Others also still dream of home. Motiul, 54, who asked that his last name not be used because of his legal status, arrived in New York as a cargo-ship crewman in 2018 with $100 in his pocket. He headed straight to the home of a Bangladeshi friend in Kensington, and he stayed after his short-term visa expired.
His story harks back to some of the earliest Bangladeshis in New York, who came in the 1920s as “ship jumpers,” men who worked on ships and stayed in the city once they docked here.
These days, Motiul mostly renovates building exteriors, working on scaffolding on high floors, which can net him as much as $350 a day. He also traveled to Philadelphia to work for a Bangladeshi contractor there. But work is excruciatingly slow — sometimes only a couple of days a month — and the cost of living is high.
His mind is back in his small town in the Jessore District, where renovations are underway on his family home. He oversees the process from afar, instructing workers in the brick-pointing techniques he has learned in New York. His wife and three grown children have urged him to return.
“They say I have done enough for them,” he said.
Some women in the community are pushing to create new opportunities for themselves, but also to preserve their language and culture, especially for Bangladeshi children growing up in a diverse city.
Farojan Saeed, 28, moved to New York in 2016 to join her husband, Syed Rehan, who works in technology.
Now Saeed teaches dance at a local public school and at the Bangladesh Institute of Performing Arts, which promotes the arts and language of Bangladesh and holds classes in the neighbourhood. She also works as an intake coordinator for a home healthcare company.
Annie Ferdous, who runs the Bangladeshi Institute of Performing Arts, leads a Bangladeshi folk dancing class in the Woodside neighborhood of Queens March 18, 2023. (Jonah Markowitz/The New York Times)
Her husband has been living for more than 20 years in the same small apartment in Kensington, which they now share with his parents.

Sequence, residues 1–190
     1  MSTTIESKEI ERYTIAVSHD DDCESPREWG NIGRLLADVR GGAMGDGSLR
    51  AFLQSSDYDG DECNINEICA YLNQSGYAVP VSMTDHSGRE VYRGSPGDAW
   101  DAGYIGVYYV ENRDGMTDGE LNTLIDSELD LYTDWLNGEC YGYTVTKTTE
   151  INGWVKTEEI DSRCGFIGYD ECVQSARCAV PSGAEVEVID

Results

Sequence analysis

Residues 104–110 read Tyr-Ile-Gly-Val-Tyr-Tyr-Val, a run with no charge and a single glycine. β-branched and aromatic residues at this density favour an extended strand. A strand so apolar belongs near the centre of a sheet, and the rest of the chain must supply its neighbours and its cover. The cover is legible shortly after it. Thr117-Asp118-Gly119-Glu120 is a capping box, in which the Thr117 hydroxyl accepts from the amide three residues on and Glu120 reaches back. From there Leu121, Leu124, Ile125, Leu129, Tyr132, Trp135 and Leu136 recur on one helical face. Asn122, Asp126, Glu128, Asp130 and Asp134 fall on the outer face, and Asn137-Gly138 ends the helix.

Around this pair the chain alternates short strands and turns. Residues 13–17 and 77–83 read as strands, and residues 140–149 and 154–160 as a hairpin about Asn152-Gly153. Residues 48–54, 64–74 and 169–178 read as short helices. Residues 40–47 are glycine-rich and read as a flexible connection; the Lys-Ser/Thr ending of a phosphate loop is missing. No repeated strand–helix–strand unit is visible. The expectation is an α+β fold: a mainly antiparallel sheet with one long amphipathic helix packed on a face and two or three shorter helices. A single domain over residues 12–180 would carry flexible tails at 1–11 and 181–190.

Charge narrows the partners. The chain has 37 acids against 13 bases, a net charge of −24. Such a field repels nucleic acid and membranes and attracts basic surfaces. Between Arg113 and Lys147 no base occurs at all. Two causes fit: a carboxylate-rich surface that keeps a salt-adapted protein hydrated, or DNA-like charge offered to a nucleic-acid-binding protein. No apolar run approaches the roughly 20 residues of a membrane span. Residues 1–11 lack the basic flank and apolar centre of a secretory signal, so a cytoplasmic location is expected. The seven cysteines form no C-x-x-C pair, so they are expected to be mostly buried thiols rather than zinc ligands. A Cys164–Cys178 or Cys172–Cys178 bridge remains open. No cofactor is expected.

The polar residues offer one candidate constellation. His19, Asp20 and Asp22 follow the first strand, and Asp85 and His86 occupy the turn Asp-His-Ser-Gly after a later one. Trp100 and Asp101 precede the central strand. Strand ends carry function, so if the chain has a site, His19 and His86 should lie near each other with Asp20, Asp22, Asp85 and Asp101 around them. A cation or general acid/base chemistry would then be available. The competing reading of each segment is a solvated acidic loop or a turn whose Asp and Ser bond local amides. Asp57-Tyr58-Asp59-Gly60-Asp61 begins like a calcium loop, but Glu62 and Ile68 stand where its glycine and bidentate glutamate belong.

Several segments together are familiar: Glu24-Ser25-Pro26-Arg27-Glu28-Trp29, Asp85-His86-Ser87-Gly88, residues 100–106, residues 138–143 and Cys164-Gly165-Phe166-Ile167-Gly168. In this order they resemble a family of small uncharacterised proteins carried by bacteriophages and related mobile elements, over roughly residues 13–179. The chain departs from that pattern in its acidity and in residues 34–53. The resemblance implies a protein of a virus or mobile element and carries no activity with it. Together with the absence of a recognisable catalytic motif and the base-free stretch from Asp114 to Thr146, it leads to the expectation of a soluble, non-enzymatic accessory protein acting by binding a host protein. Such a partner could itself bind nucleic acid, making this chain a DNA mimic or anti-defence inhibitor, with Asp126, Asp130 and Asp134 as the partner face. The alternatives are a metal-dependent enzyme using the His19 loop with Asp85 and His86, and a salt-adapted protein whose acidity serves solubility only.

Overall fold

Saeed wants to buy a house, but real estate in Kensington has become far too expensive. She is considering Jamaica, Queens, where the performing arts institute has another outpost.
Annie Ferdous helped found the Bangladeshi Institute of Performing Arts in the early ’90s. She is trying to carve out a space inside a conservative culture where dance is often frowned upon. Some see it as incompatible with their interpretation of Islam.
Saeed also faced opposition as she was growing up, from relatives on her mother’s side who frowned upon dance. But her father pushed for her to be allowed to pursue her art, which she calls her first love.
With other public spaces so dominated by men, Ferdous sees it as vital that women gather to keep their traditions alive. She calls it “constructive adda.”
“Those of us who can, if we lead the path and move forward, then a few others will think, ‘Let me also, we have a space,’” she said.
The neighborhood buzzed at the end of Ramadan, as Bangladeshis from around the city gathered to worship, do charitable works and break their fasts each night. The faithful filled nearly a whole block of McDonald Avenue during Eid al-Fitr, the festival celebrated at the end of Ramadan.
Bangladeshi men from all over New York City fill McDonald Avenue for prayer during Eid al-Fitr, which marks the end of fasting for Ramadan, in Brooklyn, April 21, 2023. (Jonah Markowitz/The New York Times)
Mahmud, the journalist, was among them. As men greeted one another with warm hugs after the service, he said it felt like home.